Purdue has a zero-tolerance policy for students caught in their campus rooms with marijuana or other illegal drugs. But Sara Wislocki, a junior majoring in interior design, said the rules don’t make sense because students who routinely drink, not their pot-smoking classmates, are the campus’ big problem-causers.

“You hear about it all the time that so-and-so had to go to the drunk tank because he caused a ruckus or whatever. But the students who aren’t causing the problems are being targeted more,” said Wislocki, president of Purdue’s chapter of the National Organization for the Reform of Marijuana Laws.

School records show 691 students were involved in alcohol-related cases in residence halls during the 2007-08 school year, and 18 of those students lost their rooms. The same school year, 51 of 62 students caught in campus housing with marijuana or other illegal drugs were evicted from their units.

Purdue spokeswoman Jeanne Norberg said students are not required to live in campus housing, and those who do agree to abide by residence hall rules and face penalties for breaking them.

Debates aside, studies showing that marijuana affects memory and learning in college-age youth more powerfully than in adults may be one good reason schools are tough on pot users, said Scott Swartzwelder, a professor of psychiatry at the Duke University Medical Center.

“Think about what college students are there to do _ they’re there to learn,” he said

© 2009 The Associated Press

More Treatment & Detox Articles

Types of Treatment Offered at Alcohol Treatment Centers

alcohol use disorder treatment

Alcoholism is a degenerative disease that often goes untreated for various reasons despite the many different types of treatment offered at alcohol treatment centers to help those who are addicted to get sober. Each alcohol treatment center is different, and many offer an array of services to their patients while others take things relatively simple….

Continue reading

Benefits of Private Prescription Drug Treatment

Private prescription drug treatment program

When you are addicted to prescription medications, private drug treatment can be the most beneficial option to assure your greatest chance of making a full recovery. Unlike traditional treatment centers that may be funded by insurance coverage or state policy, private prescription drug treatment programs are privately funded and this allows for ample resources, better….

Continue reading

Outpatient Versus Inpatient Drug Treatment Centers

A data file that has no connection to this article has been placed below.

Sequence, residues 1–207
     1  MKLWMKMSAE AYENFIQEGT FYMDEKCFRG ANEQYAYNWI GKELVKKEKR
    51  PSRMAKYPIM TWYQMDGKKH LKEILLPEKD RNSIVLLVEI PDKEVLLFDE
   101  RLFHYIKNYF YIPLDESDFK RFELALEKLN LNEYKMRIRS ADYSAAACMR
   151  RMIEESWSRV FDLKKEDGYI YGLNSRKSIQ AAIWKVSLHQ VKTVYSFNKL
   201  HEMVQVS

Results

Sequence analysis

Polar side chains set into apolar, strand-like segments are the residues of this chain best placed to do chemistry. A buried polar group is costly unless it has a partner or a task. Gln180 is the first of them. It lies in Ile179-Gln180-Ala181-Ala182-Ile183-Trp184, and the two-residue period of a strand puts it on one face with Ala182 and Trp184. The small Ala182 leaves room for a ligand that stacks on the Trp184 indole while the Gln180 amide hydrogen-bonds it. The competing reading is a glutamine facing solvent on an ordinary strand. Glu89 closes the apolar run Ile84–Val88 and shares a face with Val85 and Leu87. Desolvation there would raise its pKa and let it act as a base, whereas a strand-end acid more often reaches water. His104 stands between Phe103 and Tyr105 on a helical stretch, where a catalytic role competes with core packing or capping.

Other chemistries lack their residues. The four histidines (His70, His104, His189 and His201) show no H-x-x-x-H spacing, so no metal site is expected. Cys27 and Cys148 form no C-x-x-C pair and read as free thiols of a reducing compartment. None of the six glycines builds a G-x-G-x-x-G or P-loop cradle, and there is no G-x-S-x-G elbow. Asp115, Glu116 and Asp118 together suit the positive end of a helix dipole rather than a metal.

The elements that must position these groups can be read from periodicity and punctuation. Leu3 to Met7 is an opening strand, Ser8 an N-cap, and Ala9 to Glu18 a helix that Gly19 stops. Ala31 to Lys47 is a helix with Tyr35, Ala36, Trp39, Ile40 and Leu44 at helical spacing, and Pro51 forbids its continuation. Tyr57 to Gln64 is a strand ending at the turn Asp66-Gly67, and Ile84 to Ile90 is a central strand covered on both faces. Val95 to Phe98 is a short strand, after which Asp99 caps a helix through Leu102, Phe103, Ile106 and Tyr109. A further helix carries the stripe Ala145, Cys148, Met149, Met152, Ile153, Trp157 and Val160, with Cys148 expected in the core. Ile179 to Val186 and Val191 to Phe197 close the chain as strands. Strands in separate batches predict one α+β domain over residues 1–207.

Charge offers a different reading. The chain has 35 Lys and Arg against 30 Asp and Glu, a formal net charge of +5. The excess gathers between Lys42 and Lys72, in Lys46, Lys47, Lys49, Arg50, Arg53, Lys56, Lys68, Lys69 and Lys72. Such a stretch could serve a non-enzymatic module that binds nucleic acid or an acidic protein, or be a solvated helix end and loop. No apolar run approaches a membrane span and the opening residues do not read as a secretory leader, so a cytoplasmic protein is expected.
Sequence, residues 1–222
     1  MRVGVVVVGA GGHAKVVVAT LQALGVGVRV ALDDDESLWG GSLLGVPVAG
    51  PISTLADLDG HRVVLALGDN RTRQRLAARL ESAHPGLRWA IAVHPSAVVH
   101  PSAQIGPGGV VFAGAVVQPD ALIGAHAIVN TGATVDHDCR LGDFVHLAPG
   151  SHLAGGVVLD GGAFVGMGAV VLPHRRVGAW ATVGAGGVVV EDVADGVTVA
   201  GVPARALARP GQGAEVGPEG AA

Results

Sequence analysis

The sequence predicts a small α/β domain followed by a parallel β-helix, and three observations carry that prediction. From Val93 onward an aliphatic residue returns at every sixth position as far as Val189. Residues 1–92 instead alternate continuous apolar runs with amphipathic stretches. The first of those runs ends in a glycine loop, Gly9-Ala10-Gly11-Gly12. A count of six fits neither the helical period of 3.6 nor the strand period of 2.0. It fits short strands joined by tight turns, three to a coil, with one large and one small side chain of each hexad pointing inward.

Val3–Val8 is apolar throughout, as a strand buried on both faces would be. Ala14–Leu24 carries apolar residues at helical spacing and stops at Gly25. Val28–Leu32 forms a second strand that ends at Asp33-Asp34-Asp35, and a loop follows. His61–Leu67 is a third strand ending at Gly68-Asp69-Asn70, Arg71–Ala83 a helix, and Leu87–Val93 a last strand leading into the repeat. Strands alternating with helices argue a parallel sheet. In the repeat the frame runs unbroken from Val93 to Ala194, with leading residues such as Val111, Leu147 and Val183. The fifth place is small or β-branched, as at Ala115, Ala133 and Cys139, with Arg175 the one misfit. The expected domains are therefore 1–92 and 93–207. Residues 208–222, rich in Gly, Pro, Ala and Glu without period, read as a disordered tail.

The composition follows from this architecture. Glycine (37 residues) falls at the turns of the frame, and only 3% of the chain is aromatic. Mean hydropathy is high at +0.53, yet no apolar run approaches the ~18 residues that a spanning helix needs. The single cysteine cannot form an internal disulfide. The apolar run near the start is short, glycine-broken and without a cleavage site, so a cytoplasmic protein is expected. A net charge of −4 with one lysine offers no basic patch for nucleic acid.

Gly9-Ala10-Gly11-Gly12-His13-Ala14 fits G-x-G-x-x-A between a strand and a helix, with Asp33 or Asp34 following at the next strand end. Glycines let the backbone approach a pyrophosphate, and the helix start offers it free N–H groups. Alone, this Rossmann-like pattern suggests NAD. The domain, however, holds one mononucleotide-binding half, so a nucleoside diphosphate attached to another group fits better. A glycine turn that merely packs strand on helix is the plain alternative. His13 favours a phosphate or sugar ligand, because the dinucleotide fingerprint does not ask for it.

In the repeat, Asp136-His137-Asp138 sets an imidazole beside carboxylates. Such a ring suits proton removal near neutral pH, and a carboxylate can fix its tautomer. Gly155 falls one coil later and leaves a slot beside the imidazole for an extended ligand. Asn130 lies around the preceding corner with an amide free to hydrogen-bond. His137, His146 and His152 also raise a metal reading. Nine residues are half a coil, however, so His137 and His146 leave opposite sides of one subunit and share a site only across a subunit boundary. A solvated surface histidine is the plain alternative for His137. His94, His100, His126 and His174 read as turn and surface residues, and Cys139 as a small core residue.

Are you wondering if you should seek outpatient treatment rather than inpatient treatment? There are many factors that you must consider when you begin searching for treatment centers such as the level of your addiction, the level of support that you have at home, and also the type of addiction that you suffer from. If….

Continue reading

5 Things You’ll Learn in Drug Treatment

When you first walk into a drug treatment center you’ll have a lot of questions and there will likely be some apprehensions. You want to know what to expect and you want to know that drug treatment is going to be safe and effective. You’ll learn a lot of new things over the course of….

Continue reading

You Can’t Help an Alcoholic Until They’re Ready – Right?

For many years people, treatment professionals, family members and the like have all believed that in order for an alcoholic to recover from the alcoholism they have to WANT to recover. It’s been believed that you can’t help an alcoholic until they are ready to accept the help – right? This statement couldn’t be further from the….

Continue reading

Where do calls go?

Calls to numbers on a specific treatment center listing will be routed to that treatment center. Additional calls will also be forwarded and returned by a quality treatment center within the USA.

Calls to any general helpline (non-facility specific 1-8XX numbers) for your visit will be answered by a licensed drug and alcohol rehab facility, a paid advertiser on TreatmentCenters.com.

All calls are private and confidential.

I NEED TO TALK TO SOMEONE NOWI NEED TO TALK TO SOMEONE NOW 800-580-9104Response time about 1 min | Response rate 100%
Who Answers?